My daughter is 41 years old. In 7th and 8th grade she went to a private school that turned out to be the only school in her educational career that she enjoyed. After she moved on to high school, I received annual letters for 2 years—both addressed to “Dear Alumni Family” which, as I am sure you will concur, certainly warmed the cockles of my heart. I honestly don’t remember what the letters said, but they were not about my child or why the school should still matter to me. For the next 28 years, I heard nothing at all from the school.
Yesterday, I received the following letter. I have redacted names, addresses, anything that could identify the school—though truthfully, I shouldn’t. They don’t deserve the courtesy.
Do I even have to explicate all the things wrong with this letter? It is a classic case of how NOT to engage your donors. It also showed a clear disinterest in who I am or why I would even want to be involved with this organization.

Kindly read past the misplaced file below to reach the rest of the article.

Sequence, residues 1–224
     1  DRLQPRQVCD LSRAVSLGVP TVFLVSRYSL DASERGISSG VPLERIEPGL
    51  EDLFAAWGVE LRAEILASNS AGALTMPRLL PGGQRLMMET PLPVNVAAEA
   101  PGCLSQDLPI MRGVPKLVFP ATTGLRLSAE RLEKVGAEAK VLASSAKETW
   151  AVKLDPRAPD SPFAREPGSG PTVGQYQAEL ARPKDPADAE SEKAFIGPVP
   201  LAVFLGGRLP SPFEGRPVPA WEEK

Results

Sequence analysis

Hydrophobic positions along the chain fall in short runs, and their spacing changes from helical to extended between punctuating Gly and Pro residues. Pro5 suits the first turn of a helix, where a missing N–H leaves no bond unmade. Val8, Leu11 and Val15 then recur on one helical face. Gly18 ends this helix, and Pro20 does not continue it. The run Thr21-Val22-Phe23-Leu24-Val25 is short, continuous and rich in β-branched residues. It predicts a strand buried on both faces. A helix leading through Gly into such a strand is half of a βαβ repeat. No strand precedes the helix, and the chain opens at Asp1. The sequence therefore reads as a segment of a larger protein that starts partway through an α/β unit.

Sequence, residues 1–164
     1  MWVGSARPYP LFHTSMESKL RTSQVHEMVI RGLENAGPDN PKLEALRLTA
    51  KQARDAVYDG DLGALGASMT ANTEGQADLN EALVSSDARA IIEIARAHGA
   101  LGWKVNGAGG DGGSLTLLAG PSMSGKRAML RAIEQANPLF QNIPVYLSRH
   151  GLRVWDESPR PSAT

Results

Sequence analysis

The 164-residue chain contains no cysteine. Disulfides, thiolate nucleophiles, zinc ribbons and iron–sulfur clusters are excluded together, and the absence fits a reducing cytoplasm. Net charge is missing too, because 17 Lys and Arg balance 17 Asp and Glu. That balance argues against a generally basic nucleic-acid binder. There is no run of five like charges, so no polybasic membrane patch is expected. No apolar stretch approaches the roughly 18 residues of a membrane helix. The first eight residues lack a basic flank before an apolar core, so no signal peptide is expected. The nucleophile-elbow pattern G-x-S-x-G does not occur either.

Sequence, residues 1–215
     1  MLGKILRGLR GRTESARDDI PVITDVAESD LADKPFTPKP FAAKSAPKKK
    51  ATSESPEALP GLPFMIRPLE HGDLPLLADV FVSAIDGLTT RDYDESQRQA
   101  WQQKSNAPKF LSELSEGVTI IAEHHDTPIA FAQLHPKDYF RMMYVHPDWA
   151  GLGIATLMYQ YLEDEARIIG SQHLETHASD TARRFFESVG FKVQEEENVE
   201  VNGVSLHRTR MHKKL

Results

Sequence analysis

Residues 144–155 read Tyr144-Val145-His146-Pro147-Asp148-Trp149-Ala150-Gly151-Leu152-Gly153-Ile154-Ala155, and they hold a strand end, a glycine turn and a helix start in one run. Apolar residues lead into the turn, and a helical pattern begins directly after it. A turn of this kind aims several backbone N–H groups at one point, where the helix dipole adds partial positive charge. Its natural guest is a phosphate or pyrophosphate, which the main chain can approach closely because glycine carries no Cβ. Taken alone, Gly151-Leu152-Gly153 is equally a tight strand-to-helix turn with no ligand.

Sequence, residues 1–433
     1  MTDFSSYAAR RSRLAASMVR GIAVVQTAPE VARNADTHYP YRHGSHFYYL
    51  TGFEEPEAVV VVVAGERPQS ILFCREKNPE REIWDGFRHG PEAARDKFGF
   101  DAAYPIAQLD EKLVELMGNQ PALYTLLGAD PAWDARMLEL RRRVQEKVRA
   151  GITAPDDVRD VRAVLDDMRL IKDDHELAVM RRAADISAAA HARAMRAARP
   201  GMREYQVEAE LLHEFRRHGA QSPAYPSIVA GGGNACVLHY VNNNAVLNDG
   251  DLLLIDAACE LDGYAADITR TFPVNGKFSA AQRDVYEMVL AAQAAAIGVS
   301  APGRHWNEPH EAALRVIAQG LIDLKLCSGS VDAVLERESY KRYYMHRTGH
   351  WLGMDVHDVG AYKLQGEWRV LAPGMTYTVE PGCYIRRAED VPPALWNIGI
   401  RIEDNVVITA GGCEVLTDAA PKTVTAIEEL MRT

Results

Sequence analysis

I am, I confess, most annoyed at the laziness of the author. If I haven’t been engaged in 28 years, something more than this form letter is clearly required. How about starting with using my name, and maybe showing me a picture of my daughter, her class, the school when she went there?
There are so many good ways to reach out to those who used to be involved with your organization. This letter shows you how NOT to do that.
Janet Levine works with nonprofits, helping them to move from mired to inspired. Learn more at http://www.janetlevineconsulting.com. While there, sign up for the newsletter and contact Janet for a free 30-minute consultation.